This species lives in an extensive system of tunnels usually constructed about a foot from the surface. In coastal areas it burrows under the shrubby vegetation.
No information on the historic range of the Point Arena mountain beaver is available. The subspecies is currently known from approximately 24 acres (9.7 hectares) of land in Mendocino County, California.
Only 10 populations were known at the end of the twentieth century, with a total number of individuals estimated at 100, the largest population containing 20 individuals.
The Point Arena mountain beaver is somewhat limited in maintaining its water balance and in thermoregulating. Anatomical and physiological data indicate that the species is incapable of producing a concentrated urine and, therefore, requires substantial daily amounts of water. This characteristic is believed to be responsible for its localized distribution in cool, moist areas. The Point Arena mountain beaver can thermoregulate adequately only over a relatively narrow band of ambient temperatures, 42.8-60.8°F (6-16°C), the normal temperature range within the burrows. When surface temperatures are too warm, the subspecies will either seek refuge in its burrow or orient its body to maximize its ability to lose body heat passively.
The low reproductive rate is also a limiting factor for the subspecies. Decreased genetic variability due to the small number of remaining individuals is another problem.
The Point Arena mountain beaver appears to have suffered most from habitat alteration or loss. Development, cattle and sheep grazing, and farming have greatly reduced coastal scrub in the species' habitat. Habitat has also been opened somewhat by livestock trails. Private and county road construction has encroached on the Point Arena mountain beaver habitat and caused higher mortality through vehicular traffic.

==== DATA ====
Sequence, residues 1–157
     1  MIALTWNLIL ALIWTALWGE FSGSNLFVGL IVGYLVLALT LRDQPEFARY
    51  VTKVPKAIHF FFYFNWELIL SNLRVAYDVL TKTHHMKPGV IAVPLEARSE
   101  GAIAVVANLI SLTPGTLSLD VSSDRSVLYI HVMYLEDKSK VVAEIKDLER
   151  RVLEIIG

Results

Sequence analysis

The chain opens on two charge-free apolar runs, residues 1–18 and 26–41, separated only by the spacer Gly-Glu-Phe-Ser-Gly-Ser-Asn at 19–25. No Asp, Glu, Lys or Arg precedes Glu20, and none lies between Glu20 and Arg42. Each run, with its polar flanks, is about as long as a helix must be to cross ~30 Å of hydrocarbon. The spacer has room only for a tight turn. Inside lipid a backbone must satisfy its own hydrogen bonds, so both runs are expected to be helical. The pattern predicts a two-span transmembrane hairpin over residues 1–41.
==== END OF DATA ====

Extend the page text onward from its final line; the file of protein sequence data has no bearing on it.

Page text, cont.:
A proposed microwave tower within habitat occupied by the largest known population was the greatest threat at the close of the twentieth century. Construction of the tower would destroy habitat used by 10 of the 20 animals at this site.
The species' reputation as a burrower and forager in gardens, croplands, and forests has caused decreases in its numbers through poisoning and trapping. However, none of the subspecies endemic to California are known to cause substantial damage to crops, nor are they generally found in intensively managed forestlands.
Predation by domestic and feral dogs as well as cats is a mortality factor for the species. Due to the small numbers of individuals, even one predator can seriously impact the population.
Conservation and Recovery
Potential recovery action for the Point Arena mountain beaver includes establishing a buffer around each population site and excluding further urban or other development within this zone (about 100 acres [40.5 hectares] of total habitat and adjacent potential habitat); installing protective fencing; implementing cooperative agreements to manage the species; and restricting pesticide application. Other recovery actions include minimizing human and domestic animal impact; land acquisition or conservation easement; and development of federal or state recovery programs.
U. S. Fish and Wildlife Service
Regional Office, Division of Endangered Species
Eastside Federal Complex
911 N.E. 11th Ave.
Portland, Oregon 97232-4181
Sacramento Ecological Services Field Office
2800 Cottage Way, Room W-2610
Sacramento, California 95825-1846
Telephone: (916) 414-6446
Fax: (916) 414-6486
Smurthwaite, Donald. May 1986. "Mountain Beaver: The Rodent That Gets No Respect." American Forests 46-50.
Steele, Dale T. 1986. "A Review of the Population Status of the Point Arena Mountain Beaver (Aplodontia rufa nigra )." U. S. Fish and Wildlife Service, Sacramento, Calif.
U.S. Fish and Wildlife Service. 1991. "Determination of Endangered Status for the Point Arena Mountain Beaver." Federal Register 56 (239):64716-64722.
U.S. Fish and Wildlife Service. 1998. "Point Arena Mountain Beaver (Aplodontia rufa nigra (Rafinesque) Recovery Plan." Region 1, Portland, Oregon. 71 pp.